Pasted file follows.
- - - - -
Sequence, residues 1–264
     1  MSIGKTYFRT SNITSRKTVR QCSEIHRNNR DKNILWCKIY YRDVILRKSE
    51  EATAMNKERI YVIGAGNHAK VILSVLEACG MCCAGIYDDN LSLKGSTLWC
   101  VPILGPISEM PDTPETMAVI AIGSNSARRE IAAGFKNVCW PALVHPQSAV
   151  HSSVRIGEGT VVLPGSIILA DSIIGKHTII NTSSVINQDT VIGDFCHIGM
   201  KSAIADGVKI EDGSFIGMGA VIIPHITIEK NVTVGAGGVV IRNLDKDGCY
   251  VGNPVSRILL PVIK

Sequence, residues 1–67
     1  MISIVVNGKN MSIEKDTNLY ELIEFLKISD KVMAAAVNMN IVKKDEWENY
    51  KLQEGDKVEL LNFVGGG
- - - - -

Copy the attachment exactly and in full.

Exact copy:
Sequence, residues 1–264
     1  MSIGKTYFRT SNITSRKTVR QCSEIHRNNR DKNILWCKIY YRDVILRKSE
    51  EATAMNKERI YVIGAGNHAK VILSVLEACG MCCAGIYDDN LSLKGSTLWC
   101  VPILGPISEM PDTPETMAVI AIGSNSARRE IAAGFKNVCW PALVHPQSAV
   151  HSSVRIGEGT VVLPGSIILA DSIIGKHTII NTSSVINQDT VIGDFCHIGM
   201  KSAIADGVKI EDGSFIGMGA VIIPHITIEK NVTVGAGGVV IRNLDKDGCY
   251  VGNPVSRILL PVIK

Sequence, residues 1–67
     1  MISIVVNGKN MSIEKDTNLY ELIEFLKISD KVMAAAVNMN IVKKDEWENY
    51  KLQEGDKVEL LNFVGGG